On puritans and dashing writer men.
Took in another event at the Book Festival this morning. A discussion by authors Maggie Humm & Lesley McDowell around, among other things, iconic female writers and their often tumultuous relationships with their male counterparts.
It was, to say the least, an interesting talk. I wondered at first at McDowell’s focus on heterosexual relationships, as there are of course many same sex relationships that have given rise to great writing, or great creativity (Virginia Woolf and Vita Sackville West come to mind, for one). But then she noted that she’d decided to focus on relationships that occurred in the early part of the 20th century, and, given that most women of that time couldn’t even vote, she noted that she was intrigued by the inherent inequalities present in these relationships. Which I found a most interesting point. She cited the case of HG Wells and Rebecca West as a prime example of this. Older, experienced male writer, younger, inexperienced female ingenue who happens, while maintaining her own writerly ambitions, to fall hopelessly in love. I found the differences that McDowell outlined in their separate writing careers most fascinating. Women of that time, especially women writers, were of course at the mercy of so many things: money, children, society. A man like HG Wells could gallivant around the country and have affairs with scores of women, but his writing got done and was respected and there was no danger of his dalliances ever really denting his reputation as a writer. Whereas Ms. West, who very quickly bore a child out of wedlock to her darling HG, had to deal with a different kind of situation altogether.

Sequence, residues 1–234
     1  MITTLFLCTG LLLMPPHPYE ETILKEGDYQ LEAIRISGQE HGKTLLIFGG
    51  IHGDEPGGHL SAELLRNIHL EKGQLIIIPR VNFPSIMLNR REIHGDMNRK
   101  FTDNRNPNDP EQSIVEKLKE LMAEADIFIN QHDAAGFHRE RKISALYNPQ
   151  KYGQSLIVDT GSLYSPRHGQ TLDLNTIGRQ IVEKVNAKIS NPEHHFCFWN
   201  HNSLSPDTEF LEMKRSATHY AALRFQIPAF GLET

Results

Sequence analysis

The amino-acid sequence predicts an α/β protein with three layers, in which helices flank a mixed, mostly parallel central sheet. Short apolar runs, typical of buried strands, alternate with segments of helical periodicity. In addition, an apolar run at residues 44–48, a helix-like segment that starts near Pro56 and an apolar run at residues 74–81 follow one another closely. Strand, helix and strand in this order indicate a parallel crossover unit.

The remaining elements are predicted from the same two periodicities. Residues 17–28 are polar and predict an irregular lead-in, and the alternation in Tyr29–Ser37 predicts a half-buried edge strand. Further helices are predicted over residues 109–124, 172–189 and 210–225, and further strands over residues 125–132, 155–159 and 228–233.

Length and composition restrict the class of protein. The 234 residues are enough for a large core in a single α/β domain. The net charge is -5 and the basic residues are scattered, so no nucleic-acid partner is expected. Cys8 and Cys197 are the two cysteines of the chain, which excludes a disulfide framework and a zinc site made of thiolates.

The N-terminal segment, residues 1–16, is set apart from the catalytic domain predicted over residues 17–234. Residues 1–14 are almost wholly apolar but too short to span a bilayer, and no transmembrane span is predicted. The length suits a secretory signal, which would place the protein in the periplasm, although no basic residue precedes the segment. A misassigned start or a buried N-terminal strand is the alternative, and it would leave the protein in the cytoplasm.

It is odd, I think, to realize that these things happened less than a century ago. That women were this oppressed less than a century ago. That female artists couldn’t have the kind of opportunities available to male artists unless, like Ms. Woolf, they had access to a steady stream of cash.
On a slightly different note, at one point in the talk Ms. Humm mentioned that a collection of Virginia Woolf’s photographs had been deemed too risqué for publication in a recent anthology put out in America. She laughed and cited the puritanical nature of America as part of the issue. That, coming on the heels of last night’s discussion of all things McSweeney, made me wonder. Is it just that mainstream America tends to be puritanical, and uptight about things like this? (While, of course, being perfectly fine with all the skin flashed on MTV, prime time, etc.) Or has the global perception of America/North America — because I’ve learned, since being here in the UK, that people tend to see them as one and the same — been forever branded by the Bible belt fundamentalist creed?
I certainly wouldn’t consider McSweeney’s to be a publication afraid of the risqué. Nor does that word come to mind when thinking of The Walrus, or maisonneuve, or Geist, or scores of other publications in the good old North of A that currently exist.
Have added a few titles to the must-read list, however, as a result of today’s discussion. Don’t know when I’ll actually get around to reading Between the Sheets or The Edinburgh Companion to Virginia Woolf and the Arts, of course, but at least they’ve found a place.